DC: What would you say is your personal mission for sustainability?
California is a great place to be to help oversee that transition, so I’m really happy to be here in the Bay Area working towards that.
DC: What motivated you to begin this path?
AE: When I was in high school, I thought of environmentalism as – well, I hate to use the word “frivolous” – that’s more disparaging than I mean to sound – but I always thought it was just about hugging trees and saving polar bears, and, while it’s great to save wildlife, what about people? I was always really interested in social issues, social equality, politics and economic inequality. Once I got to college, I began to understand that sustainability encompasses environmental, economic, and social issues. Environmental sustainability is very important for social and economic sustainability. For example, people are being displaced by climate change; air quality is very important for people’s health, all of these things are tied up in one another. From there I became very interested in energy systems, GHG management and technology, and that set me on the path that I’m on today.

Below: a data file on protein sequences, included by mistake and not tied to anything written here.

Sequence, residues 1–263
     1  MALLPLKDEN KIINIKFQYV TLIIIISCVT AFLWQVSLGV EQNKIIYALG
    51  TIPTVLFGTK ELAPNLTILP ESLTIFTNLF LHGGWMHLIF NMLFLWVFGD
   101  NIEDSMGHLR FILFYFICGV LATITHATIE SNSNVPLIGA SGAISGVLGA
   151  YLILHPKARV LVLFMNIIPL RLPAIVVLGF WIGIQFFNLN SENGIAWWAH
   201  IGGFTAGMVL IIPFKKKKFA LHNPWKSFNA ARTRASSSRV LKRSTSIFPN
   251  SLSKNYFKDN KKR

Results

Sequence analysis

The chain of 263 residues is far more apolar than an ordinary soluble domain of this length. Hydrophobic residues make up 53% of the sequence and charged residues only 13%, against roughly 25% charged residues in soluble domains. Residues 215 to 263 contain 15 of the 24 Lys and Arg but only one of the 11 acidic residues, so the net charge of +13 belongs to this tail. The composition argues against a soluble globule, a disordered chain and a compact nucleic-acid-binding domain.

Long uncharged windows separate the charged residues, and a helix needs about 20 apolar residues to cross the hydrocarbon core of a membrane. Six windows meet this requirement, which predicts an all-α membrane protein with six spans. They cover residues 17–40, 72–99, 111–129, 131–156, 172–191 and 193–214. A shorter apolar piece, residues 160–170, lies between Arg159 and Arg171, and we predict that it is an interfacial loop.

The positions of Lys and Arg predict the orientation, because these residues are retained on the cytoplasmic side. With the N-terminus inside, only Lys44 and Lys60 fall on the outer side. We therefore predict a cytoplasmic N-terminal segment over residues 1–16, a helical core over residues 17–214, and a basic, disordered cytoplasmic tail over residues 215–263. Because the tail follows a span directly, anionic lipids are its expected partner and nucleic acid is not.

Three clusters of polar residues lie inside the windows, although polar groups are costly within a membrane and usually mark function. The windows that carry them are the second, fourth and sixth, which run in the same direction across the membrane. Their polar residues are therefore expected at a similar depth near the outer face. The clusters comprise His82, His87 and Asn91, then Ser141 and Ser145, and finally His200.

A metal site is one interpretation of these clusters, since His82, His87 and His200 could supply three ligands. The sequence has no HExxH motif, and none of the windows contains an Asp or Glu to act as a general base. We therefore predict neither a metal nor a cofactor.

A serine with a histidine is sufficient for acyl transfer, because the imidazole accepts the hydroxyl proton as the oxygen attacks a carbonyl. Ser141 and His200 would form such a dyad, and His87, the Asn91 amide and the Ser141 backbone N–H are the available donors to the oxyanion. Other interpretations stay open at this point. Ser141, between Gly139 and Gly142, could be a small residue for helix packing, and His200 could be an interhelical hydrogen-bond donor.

DC: Who are your primary “influencers” or inspirations in the sustainability movement?
AE: One of the first books that I was assigned to read in a freshman year Sustainability course was Natural Capitalism by Hunter Lovins, which I found really inspiring. That’s when I first realized the tremendous power technological advances have to propel our society into a more sustainable future. But primarily it’s the people I’ve work with, and former mentors, who influence me. Those people really inspire me because seeing their drive and the cool projects that they work helps show me I can do the same.
DC: You mentioned “previous mentors;” could you talk about some of those mentorship relationships that you’ve had?
AE: One of the most influential mentors that I have had in my career was Dedee DeLongpré Johnston, who is now at Wake Forest but was the Director of Sustainability at the University of Florida when I was there. She oversaw my NWF fellowship as well as an internship I had at the Office of Sustainability. She was able to give me very good advice about my career, my work habits, and how to be a good leader. It was significant to me to see an intelligent and powerful woman in an influential career in this field, and she inspired me to make the most out of my time at the University of Florida. I am very grateful that she made the effort to play such a pivotal role in my career development.